Most commentators have quoted a passage from Diodorus Sic. i. 47, in which the Greek word “kingdom” (basileia) is used to signify “crown,” as an illustration of the use of the word indicating the thing symbolised for the symbol itself. The parallelism between that use of the word kingdom, and the use here of the word “power,” has been very positively denied (Stanley and others), on the ground that the “use of the name of the thing signified for the symbol, though natural when the power spoken of belongs to the person, would be unnatural when applied to the power exercised over that person by some one else.” But the parallelism will hold good if we can refer the “power” here to some symbol of a power which belongs to the woman herself.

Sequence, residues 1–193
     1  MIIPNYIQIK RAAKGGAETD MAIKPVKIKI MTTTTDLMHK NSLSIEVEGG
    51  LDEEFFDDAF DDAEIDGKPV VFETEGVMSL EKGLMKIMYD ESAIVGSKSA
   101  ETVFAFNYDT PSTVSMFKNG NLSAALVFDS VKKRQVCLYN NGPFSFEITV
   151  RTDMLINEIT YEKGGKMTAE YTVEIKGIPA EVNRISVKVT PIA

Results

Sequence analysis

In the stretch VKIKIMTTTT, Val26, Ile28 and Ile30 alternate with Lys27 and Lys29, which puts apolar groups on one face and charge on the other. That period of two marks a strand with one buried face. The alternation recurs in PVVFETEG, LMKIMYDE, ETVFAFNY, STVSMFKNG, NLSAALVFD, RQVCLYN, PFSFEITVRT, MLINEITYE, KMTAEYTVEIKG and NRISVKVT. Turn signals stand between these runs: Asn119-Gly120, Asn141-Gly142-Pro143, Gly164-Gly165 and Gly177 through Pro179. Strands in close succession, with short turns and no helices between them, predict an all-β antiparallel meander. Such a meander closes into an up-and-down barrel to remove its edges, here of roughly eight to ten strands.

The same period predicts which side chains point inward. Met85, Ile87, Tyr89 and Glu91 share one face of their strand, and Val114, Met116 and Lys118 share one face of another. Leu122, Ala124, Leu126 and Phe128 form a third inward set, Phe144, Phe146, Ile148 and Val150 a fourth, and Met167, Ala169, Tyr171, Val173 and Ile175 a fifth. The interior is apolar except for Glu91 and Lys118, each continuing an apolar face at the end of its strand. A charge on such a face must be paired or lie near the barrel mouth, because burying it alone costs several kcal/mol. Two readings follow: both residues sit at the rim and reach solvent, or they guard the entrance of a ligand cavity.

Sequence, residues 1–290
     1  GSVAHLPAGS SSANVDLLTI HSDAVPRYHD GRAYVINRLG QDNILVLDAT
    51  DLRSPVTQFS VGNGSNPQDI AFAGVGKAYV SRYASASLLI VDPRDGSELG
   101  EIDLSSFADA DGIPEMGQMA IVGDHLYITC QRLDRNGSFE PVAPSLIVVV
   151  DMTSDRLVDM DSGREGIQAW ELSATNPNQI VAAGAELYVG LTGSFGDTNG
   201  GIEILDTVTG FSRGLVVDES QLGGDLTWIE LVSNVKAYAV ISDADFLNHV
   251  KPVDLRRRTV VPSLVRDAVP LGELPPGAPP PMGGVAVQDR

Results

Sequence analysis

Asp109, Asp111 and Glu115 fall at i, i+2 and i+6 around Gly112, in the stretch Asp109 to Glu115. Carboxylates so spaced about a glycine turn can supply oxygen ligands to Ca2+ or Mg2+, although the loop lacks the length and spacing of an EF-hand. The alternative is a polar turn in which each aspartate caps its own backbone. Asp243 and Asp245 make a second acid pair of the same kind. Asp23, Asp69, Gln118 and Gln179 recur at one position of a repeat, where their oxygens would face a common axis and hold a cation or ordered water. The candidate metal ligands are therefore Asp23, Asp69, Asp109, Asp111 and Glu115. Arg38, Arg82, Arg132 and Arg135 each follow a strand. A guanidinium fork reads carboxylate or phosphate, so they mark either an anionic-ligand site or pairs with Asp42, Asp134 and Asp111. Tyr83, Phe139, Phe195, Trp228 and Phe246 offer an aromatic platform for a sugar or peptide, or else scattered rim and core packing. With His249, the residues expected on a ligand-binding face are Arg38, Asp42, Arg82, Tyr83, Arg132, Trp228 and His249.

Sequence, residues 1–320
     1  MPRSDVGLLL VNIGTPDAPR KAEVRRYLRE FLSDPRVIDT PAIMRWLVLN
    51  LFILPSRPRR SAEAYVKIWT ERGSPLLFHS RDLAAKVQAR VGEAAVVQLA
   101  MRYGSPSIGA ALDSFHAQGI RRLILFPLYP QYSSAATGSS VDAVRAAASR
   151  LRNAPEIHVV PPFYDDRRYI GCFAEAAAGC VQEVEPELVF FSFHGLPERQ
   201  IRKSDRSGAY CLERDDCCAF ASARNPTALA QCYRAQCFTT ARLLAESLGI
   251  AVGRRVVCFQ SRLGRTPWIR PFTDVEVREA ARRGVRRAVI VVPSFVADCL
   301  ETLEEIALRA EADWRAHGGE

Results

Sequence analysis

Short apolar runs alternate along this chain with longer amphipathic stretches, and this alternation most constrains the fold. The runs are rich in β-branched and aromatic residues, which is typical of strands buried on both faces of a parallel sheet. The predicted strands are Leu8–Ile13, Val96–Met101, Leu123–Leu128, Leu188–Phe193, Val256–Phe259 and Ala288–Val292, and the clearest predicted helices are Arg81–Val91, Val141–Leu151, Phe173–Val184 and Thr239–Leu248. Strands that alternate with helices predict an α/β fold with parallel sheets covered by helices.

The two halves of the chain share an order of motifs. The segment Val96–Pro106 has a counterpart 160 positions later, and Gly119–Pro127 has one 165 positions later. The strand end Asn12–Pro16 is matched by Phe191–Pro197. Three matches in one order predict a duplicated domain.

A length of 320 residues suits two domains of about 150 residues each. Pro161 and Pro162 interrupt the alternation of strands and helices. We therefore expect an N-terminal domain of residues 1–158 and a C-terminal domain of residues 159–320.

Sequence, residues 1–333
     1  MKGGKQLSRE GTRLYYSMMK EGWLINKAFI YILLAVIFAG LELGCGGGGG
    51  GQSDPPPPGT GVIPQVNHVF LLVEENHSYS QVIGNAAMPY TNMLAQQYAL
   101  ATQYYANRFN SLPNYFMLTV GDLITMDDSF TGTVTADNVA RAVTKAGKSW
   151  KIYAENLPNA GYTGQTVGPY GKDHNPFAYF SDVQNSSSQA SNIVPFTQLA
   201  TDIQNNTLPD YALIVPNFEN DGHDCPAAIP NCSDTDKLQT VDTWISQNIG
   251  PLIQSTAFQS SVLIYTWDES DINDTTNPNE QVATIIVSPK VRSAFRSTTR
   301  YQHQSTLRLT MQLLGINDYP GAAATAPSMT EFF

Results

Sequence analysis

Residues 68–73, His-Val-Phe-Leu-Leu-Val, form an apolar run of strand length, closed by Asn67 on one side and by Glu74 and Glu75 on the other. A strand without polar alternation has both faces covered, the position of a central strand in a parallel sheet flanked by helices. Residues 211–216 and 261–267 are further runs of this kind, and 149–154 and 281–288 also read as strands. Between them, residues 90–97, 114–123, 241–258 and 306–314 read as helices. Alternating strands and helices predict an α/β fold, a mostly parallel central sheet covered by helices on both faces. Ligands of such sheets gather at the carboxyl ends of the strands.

If we bear in mind the Apostle’s constant use of words with a double significance, or rather with both an obvious and a subtly implied meaning, and if we also recall the reference made to a woman’s abundance of hair in 1 Corinthians 11:5-6, and the further reference to a woman’s long hair in 1 Corinthians 11:14-15, where the hair of the woman, given her by nature, and the wearing of a veil are used as almost identical thoughts, we may, I think, conclude that the “power” here spoken of is that long hair which is called in 1 Corinthians 11:15 her “glory.” It is remarkable that Callistratus twice uses this word exousia in connection with hair to express its abundance. To the Jews the recollection of Samson’s history would have given the word “power,” when applied to hair, a remarkable significance. To thus turn aside abruptly in the middle of a long passage in which woman’s subordination is enforced, and speak suddenly and vividly of her “power,” would be eminently Pauline. In the Apostle’s writings the thought of inferiority and superiority, of ruler and server, are frequently and almost paradoxically regarded and enforced as identical. To serve because you rule; to be weak because you are in another sense strong, are thoughts strikingly combined again and again in the Epistles of St. Paul. Thus I would imagine him here to suddenly turn aside and say, I have been speaking of your bondage and subordination, you are, because of this, to have a covering (a veil or long hair) on your head as a sign, and yet that very thing which is the symbol of your subjection to man is the sign of your beauty and “power” as a woman.